I am now looking for rusting corrugated metal sheets to make the fence for the bad garden and trying to find funds for a pond liner to create the water to reflect onto the good garden. I suspect the rusting corrugated will not be too difficult but the pond liner is more important, so if anyone is feeling inspired and generous I would love to hear from you.
The garden has a working title of “Expressions”.
28 August 2013
This update is about two quite different aspects of LandWorks.The first examines the mix in our cohort…one man out in the community on release, I shall call him R. Three others… day release on temporary licence (ROTL).
The second part of the update promotes a fundraising initiative involving delicious cake.
I recognise much of R’s life, similar to many of my previous experiences. The guys on ROTL are different… Retuning to prison everyday and living in a most awful situation, but strangely cushioned, certainly out of step with the world and yet weirdly protected. All of them preparing for R’s life outside.
The day of release for many is massive, disorientating and is often accompanied with an impossible demand of life…perhaps really a demand of society, to somehow make it okay.. Now!
Conversely the reverse applies to many still inside, for some there is even a sense of relief that the turmoil of life in the real world is suspended.
So the mix… it could of course have been very difficult, but it’s just not. It works well. They all know people, have common connections, similar experiences, deep understanding and a natural bond. Yet it is not that simple… R is out there, struggling with their fears of release. R becomes the spokesperson for all men on release; it jolts and jars the others who return to prison everyday.
R brings a taste of how it’s going to be to those waiting for it to happen. For R, the man already out there, it provides a comfort and a confidence, that he is really doing it… Not messing up. For those still inside it provides a taste of realty, a glimpse of the future. Perhaps helping reduce the fears and intensity of their forthcoming release.
Another type of mix! This is a wonderful idea from Deborah Fox who works in the Social Justice dept at Dartington. Deboarah has orgainsed …A bring and buy cake sale on the 3rd of Sept, with all donations going to LandWorks. It is not just the financial support, which is of course so important, but the overall support to the project is quite priceless.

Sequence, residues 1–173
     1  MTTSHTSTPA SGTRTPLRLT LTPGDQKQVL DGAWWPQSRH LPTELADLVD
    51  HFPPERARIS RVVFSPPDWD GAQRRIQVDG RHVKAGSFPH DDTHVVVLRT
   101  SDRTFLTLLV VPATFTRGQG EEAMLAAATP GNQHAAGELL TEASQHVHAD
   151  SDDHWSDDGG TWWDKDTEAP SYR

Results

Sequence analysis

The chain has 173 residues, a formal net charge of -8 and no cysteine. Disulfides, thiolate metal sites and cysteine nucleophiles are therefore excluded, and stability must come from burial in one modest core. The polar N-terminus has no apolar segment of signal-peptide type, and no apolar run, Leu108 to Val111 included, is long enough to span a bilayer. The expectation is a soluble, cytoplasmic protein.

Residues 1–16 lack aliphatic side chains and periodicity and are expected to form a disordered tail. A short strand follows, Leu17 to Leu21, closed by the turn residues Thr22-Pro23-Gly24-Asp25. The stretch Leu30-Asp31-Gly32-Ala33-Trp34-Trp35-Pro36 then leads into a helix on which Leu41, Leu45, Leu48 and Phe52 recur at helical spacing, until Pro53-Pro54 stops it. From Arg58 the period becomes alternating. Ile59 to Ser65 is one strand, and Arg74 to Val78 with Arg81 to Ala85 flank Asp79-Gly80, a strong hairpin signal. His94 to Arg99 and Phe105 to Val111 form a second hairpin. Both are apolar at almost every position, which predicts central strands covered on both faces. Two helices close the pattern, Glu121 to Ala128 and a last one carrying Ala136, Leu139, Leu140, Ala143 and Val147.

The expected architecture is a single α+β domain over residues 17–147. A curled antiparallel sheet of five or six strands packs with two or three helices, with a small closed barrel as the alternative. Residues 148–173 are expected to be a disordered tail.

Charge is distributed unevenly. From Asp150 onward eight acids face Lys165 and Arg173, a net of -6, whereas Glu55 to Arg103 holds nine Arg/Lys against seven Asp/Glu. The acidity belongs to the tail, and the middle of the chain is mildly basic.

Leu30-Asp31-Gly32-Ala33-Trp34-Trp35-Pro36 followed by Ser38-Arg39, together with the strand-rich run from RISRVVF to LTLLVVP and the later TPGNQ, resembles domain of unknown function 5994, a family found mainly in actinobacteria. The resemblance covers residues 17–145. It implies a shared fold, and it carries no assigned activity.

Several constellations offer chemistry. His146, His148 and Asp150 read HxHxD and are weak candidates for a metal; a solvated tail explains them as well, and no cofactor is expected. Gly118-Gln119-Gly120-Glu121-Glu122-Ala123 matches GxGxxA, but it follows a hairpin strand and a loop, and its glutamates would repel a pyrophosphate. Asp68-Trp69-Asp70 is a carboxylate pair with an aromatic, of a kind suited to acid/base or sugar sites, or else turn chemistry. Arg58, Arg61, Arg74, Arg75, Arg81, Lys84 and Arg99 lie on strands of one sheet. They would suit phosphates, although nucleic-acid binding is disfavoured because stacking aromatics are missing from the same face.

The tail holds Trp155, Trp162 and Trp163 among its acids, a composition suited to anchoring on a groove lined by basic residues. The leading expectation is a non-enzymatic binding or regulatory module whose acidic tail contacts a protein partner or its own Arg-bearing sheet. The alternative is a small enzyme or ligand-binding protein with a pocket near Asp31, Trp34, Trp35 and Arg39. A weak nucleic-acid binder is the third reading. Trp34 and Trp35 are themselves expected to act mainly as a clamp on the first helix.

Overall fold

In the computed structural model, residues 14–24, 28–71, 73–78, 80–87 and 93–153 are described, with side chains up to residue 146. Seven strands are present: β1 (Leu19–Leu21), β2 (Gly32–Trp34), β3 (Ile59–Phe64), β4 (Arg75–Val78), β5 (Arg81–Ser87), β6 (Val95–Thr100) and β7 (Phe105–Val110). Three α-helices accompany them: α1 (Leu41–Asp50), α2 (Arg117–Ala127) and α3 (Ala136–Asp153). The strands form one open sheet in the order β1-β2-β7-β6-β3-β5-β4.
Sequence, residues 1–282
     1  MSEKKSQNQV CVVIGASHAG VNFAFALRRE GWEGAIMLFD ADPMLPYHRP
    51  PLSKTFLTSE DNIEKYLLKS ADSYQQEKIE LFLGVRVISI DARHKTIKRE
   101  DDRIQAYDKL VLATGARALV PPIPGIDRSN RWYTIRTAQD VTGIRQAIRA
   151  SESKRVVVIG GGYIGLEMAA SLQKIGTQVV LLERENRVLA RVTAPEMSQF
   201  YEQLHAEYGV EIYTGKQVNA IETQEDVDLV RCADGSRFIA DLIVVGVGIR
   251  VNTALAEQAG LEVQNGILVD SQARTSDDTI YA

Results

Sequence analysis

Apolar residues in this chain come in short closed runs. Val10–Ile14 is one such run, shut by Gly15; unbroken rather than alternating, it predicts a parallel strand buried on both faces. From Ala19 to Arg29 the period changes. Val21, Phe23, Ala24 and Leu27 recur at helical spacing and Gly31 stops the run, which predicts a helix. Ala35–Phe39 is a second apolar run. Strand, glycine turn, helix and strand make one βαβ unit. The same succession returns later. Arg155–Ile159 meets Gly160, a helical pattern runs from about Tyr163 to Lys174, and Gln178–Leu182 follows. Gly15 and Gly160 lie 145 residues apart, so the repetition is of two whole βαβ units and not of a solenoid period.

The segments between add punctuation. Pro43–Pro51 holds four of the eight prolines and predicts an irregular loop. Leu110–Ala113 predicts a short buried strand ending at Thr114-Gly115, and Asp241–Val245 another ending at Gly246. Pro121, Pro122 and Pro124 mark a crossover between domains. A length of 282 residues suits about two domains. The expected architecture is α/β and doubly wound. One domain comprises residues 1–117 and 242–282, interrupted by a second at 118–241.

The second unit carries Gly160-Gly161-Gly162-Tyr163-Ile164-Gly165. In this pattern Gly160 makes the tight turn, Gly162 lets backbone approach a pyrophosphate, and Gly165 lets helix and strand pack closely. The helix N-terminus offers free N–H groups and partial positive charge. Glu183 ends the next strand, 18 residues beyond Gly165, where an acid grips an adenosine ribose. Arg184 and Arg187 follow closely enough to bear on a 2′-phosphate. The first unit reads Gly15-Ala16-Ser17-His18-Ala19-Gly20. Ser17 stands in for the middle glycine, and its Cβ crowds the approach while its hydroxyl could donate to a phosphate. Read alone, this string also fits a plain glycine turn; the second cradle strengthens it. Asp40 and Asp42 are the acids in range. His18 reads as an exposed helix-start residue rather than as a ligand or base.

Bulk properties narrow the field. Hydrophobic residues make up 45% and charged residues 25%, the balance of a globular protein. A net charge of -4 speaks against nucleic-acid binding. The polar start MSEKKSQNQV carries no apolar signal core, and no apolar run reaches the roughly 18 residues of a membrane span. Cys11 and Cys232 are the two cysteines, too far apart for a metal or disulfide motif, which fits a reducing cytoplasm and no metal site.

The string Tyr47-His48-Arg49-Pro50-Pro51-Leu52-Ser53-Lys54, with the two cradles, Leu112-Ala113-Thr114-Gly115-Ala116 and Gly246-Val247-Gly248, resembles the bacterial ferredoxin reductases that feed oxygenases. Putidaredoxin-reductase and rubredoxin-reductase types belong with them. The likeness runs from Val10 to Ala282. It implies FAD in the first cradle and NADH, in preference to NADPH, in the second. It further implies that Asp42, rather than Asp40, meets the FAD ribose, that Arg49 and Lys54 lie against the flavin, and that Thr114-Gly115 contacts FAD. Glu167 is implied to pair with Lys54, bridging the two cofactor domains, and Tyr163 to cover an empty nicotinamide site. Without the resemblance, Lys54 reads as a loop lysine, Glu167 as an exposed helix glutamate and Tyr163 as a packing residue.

15 August 2013
I am replying to a recent question… Chris, how’s it all going?
Well we are three weeks on. It has been absolutely the best 3 weeks work I have ever done, for some of the guys it has been absolutely the first 3 weeks work they have ever done. It is hard graft and fair to say we all leave the site tired but everyday there is a real sense of achievement.
The day starts with a group meeting, primarily to plan the day ahead but inevitably and importantly problems and worries are often aired. We have also used these times to draw up and agree a set of ground rules. Now proudly displayed on the wall, I have noticed that visitors seem particularly interested in the “what do you expect from the manager” section!
The day’s work is really only interrupted with our lunch break. A real mainstay of the project. The table is laid and often a plastic bottle vase with flowers appears to help set the scene. A guest or two arrives. Due to popularity, it’s reservations only I’m afraid. We always have a soup, then a mixture of salads and whatever our guests have chosen to share. Conversation is varied, interesting, sometimes heated and at times certainly emotional.
Toward the end of the day we all have various chores to complete, the site, building, dishes and kitchen have to be tidy and generally washed down. The feeling of belonging is as strong as it is important. I have recently purchased an alphabet branding iron – simply spell out you name with little steel letters on the end of the branding iron, heat it up and then burn your name onto our LandWorks wall. To qualify for this most prestigious of groups you must put in a month of commitment.
5 August 2013
M&S– in a generous attempt to jog any stragglers into replying to our launch day invites – have offered to provide the buffet food for the event, a delicious array of sandwiches and nibbles. Seriously it would be very helpful to let us know if you can or can’t make it on Sept 13th and this really is a wonderful offer from M&S.
No 4– This week saw the arrival of our 4th LandWorks member. He worked hard, joined in and by the end of the day had a big smile on his face. He proudly announced that that was his first days work ever and he has just turned 40.